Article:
New music guide: The Neu Bulletin (At/All, Jesse Mac Cormack, Yassassin & more)

The Neu Bulletin (At/All, Jesse Mac Cormack, Yassassin & more)

DIY’s essential, weekly guide to the best new music.

Neu Bulletins are DIY’s guide to the best new music. They contain every single thing that’s been played at full volume in the office, whether that’s a small handful or a gazillion acts. Just depends how good the week’s been.

Alongside our weekly round-up of discoveries, there are also Neu Picks. These are the very best songs / bands to have caught our attention, and there’s a new one every weekday. Catch up with the most recent picks here.

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At/All - Deeper

With a slab of Hot Chip-style euphoria and hot-footed dance, At/All bring a distinctly party-ready spin to their gloomy pop. ‘Deeper’ is full of unknowns. “What’s that you said when we first met?” sings Lucy Roleff, on top of shuffling synth lines that could either bloom or stutter off into nothingness. The only certainty is in how the song bursts into life with a giant, glistening chorus, which sounds like finding Björk in the midst of a forest rave. Debut album ‘Sun Dog’ is out 29th August.

Tender - Outside

Plonking away like the far-off sound of a dripping tap echoing round your house at midnight, there’s an uncomfortable edge to Tender’s silken sound. ‘Outside’ showcases this viscous aesthetic best - all funk-laced ebb-and-flow, the duo celebrate their signing to indie superstars Partisan Records with a nourishing slice of nightshade pop.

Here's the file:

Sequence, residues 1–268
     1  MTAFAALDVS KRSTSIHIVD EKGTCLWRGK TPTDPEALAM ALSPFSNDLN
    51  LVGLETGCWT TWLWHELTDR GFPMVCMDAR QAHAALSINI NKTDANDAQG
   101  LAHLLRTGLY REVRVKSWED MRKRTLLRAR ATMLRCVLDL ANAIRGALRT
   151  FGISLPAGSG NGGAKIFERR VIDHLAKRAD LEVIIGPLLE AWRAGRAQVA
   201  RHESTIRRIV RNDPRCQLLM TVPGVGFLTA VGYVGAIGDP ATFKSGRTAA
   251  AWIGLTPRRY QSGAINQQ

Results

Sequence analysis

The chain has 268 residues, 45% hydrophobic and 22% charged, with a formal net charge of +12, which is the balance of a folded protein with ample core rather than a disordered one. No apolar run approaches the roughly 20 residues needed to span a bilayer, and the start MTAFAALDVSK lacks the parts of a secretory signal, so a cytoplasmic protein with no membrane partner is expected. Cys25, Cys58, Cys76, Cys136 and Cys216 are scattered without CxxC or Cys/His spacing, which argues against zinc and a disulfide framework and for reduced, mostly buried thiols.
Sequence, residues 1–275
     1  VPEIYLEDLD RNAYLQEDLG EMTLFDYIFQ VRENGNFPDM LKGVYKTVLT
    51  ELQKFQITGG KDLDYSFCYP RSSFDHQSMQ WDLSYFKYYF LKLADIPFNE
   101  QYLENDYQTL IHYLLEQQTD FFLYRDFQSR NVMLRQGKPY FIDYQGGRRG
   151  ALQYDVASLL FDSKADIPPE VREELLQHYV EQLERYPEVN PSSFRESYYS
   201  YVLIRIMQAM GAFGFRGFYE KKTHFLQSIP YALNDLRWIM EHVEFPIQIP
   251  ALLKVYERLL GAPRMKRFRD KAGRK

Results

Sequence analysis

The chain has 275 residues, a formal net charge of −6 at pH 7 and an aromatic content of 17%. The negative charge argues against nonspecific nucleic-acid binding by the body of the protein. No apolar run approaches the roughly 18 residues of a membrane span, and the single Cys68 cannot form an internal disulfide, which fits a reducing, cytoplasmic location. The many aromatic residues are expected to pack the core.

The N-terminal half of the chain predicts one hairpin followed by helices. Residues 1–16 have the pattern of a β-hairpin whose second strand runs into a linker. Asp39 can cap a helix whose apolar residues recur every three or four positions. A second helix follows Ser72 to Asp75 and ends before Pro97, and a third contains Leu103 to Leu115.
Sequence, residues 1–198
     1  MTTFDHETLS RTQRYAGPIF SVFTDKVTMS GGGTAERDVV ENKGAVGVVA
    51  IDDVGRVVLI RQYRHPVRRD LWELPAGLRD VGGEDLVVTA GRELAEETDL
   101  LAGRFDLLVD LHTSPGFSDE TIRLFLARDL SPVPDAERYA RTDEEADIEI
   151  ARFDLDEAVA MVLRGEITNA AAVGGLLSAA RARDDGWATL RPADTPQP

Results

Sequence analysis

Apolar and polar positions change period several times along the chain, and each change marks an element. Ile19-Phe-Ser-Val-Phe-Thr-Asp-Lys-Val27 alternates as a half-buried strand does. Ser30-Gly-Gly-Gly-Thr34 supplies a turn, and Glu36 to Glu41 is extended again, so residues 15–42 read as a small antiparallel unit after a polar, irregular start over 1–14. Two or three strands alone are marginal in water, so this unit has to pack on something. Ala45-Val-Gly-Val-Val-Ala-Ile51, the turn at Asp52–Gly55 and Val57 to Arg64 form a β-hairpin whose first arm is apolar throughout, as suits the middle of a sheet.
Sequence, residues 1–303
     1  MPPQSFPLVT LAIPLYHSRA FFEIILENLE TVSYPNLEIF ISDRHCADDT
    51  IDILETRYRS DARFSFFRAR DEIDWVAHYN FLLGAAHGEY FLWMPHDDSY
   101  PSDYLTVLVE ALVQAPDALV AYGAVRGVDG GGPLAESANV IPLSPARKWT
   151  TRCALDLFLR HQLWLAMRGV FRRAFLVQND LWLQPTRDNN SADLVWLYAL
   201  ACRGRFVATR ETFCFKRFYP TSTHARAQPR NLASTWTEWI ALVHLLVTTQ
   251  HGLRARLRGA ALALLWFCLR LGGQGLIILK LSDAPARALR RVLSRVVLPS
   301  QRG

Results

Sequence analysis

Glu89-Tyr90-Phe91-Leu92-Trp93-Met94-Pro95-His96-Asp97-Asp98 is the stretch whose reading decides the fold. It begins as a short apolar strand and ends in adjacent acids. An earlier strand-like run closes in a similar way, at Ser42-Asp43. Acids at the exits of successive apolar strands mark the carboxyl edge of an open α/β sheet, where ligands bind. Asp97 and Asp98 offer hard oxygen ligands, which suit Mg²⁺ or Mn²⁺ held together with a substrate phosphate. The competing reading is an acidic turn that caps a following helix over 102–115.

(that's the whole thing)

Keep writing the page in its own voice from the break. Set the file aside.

Yassassin - Social Politics

“Follow the light - open your eyes,” demand Yassassin on ‘Social Politics’’ suitably persuasive chorus. And it’s not the first order to be barked from the London five-piece, who match gutsy poetry with massive, swaggering guitars. Quit whatever you’re doing and hop on Yassassin’s bandwagon - you know it makes sense.

Jesse Mac Cormack - Never Enough

Taking the lightning-fingers funk-guitar template and adding some much needed scuzz, on ‘Never Enough’ Jesse Mac Cormack’s unafraid to break the mould. Stitching slabs of desert-bound blues to his slinky soul, it’s the sound of fusion at its best. “Why would you put these two together when they’re meant to hate each other?” he questions, but with results this sweet, he’s answering his own riddle.

Smarmy Palmist - Overleaf

Smarmy Palmist is a new project from Traams bassist Leigh Padley. As with his dayjob, this music thrives when given space to build. The difference here is in how Leigh delivers dark, brooding post-punk within a psych filter, prone to sweetness and despair in equal measure. 

Kiwi jr. - Domino

Delivered through a nostalgic filter, Kiwi Jr.’s music isn’t looking to break the mould. Instead, like flicking through a series of old photographs with a different state of mind, they’re looking to spin classic guitar pop on its head. ‘Domino’ tumbles into life midway through, when cocky riffs share space with romantic gestures.